Yuan carved lacquer trays of this substantial size and such extraordinarily high quality are extremely rare. Two eight-lobed trays of similar size, shape, colour and decorative theme, dated to the Yuan dynasty are published: the first is in the collection of the Idemitsu Collection, illustrated in Ancient Chinese Arts in the Idemitsu Collection, Tokyo, 1989, no. 354; and the other with the maker's mark, Zhang Cheng zao, in the Kitamura Art Museum, Kyoto, included in the exhibition, Carved Lacquer, the Tokugawa Art Museum and Nezu Institute of Fine Arts, 1984, is illustrated in the Catalogue, no. 52. Each of these examples are depicted with five birds in flight in the medallion rather than four as in the present tray.
A smaller (27 cm. diam.) eight-lobed carved black lacquer tray bearing a Xuande mark, and decorated with only two birds among peonies, is in the collection of the National Palace Museum, Taibei, illustrated in Masterpieces of Chinese Carved Lacquer Ware in the National Palace Museum, Gakken, 1971, no. 8. The bracket lobes on the Taibei tray are more exaggerated, as would be expected of a Ming piece, and the decoration depicts a peacock and a peahen among peonies, which are proportionately larger in relation to the size of the tray.
The style of carving on the current dish shares many features with the carving on smaller fine 14th century black lacquer trays without lobes and with only two birds among flowers. One with cranes among chrysanthemums is in the collection of the Detroit Institute of Arts, illustrated by J. Figgess, 'A Masterpiece of Chinese Carved Lacquerware', Bulletin of the Detroit Institute of Arts, Winter 1981, vol. 59, nos. 1 and 2, p. 66, fig. 1. Two more trays with mandarin ducks among lotus are in the collections of the British Museum and the Museum of Far Eastern Antiquities, Stockholm, illustrated ibid., p. 69, figs. 3 and 4, and p. 71, fig. 5, respectively. The Victoria and Albert Museum has in its collection a tray with long-tailed birds among peonies, ibid., p. 72, figs. 6 and 7, as has the Okayama Museum, illustrated in Oriental Lacquer Arts, Tokyo National Museum, 1977, no. 459; and Okayama has another with crested birds among peonies, illustrated ibid., no. 461. A round tray with crested, long-tailed birds among mallow was included in the exhibition, 2000 Years of Chinese Lacquer, Oriental Ceramic Society of Hong Kong and the Chinese University of Hong Kong, illustrated by P. Lam (ed.) in the Catalogue, no. 35. A round dish formerly in the Garner collection has a design of two pheasants among camellias, illustrated in Chinese and Associated Lacquer from the Garner Collection, British Museum, London 1973, pl. 11, no. 29. The Tokyo National Museum has an eight-lobed tray with crested, long-tailed birds among mallow and there is a round tray with long-tailed birds among mallow in a Japanese private collection, illustrated op. cit., nos. 458 and 460 respectively. The Royal Scottish Museum, Edinburgh, has an example with two herons among hibiscus, illustrated in Bulletin of the Detroit Institute of Arts, p. 74, fig. 8. While all of these trays are much smaller (all between 29 and 32.8 cm. in diam.) than the current lobed tray, they share the theme of birds in flight among a complex background of flowers. They also share the exceptionally high quality of carving, including a most sophisticated use of graded relief, and distinctive conventions for depicting feathers. Another small black tray (27 cm.) with peacock and peahen among flowers is in the collection of the National Palace Museum, Taibei, illustrated in Great National Treasures of China, 1983, pp. 117-8, no. 58.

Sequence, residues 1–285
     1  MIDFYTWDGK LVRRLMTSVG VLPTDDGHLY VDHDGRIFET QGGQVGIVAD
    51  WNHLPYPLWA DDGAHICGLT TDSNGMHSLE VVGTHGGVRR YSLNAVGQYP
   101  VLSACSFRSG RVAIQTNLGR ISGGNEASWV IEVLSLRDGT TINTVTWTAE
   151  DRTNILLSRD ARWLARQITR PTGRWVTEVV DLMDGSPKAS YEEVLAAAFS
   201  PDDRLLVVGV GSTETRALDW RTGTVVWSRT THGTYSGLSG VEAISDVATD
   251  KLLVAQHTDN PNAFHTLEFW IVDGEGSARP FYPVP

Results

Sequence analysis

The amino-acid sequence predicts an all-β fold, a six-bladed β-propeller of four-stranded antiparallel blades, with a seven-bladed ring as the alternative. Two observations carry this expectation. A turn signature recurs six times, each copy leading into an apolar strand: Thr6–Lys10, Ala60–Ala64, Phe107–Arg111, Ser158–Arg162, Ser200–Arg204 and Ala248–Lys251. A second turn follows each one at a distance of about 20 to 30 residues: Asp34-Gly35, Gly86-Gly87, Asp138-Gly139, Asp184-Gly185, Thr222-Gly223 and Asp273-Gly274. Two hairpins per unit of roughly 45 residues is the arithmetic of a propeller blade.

Another of these smaller carved lacquer trays with decoration in similar style to the current black tray is a red one in the Daisen-in monastry of the Daitoku-ji in Kyoto, illustrated by J. Figgess, 'Ming and Pre-Ming Lacquer in the Japanese Tea Ceremony', Transactions of the Oriental Ceramic Society, vol. 37, 1967/69, p. 49, pl. 49a. This red tray, which is decorated with peacock and peahen among hibiscus, is believed to have been presented to the monastery on the occasion of its foundation in 1509 by the Emperor Gokashiwabara, from among his personal imperial treasures. The tray is inscribed on the base, Zhang Cheng zao, Made by Zhang Cheng, an indication that it was made by the famous Yuan dynasty lacquer craftsman Zhang Cheng, who is mentioned in the Gegu yao lun of 1388. The extraordinary fineness of the Daisen-in tray is more than matched by the current tray which must also have been the product of one of the most prestigious 14th century lacquer workshops.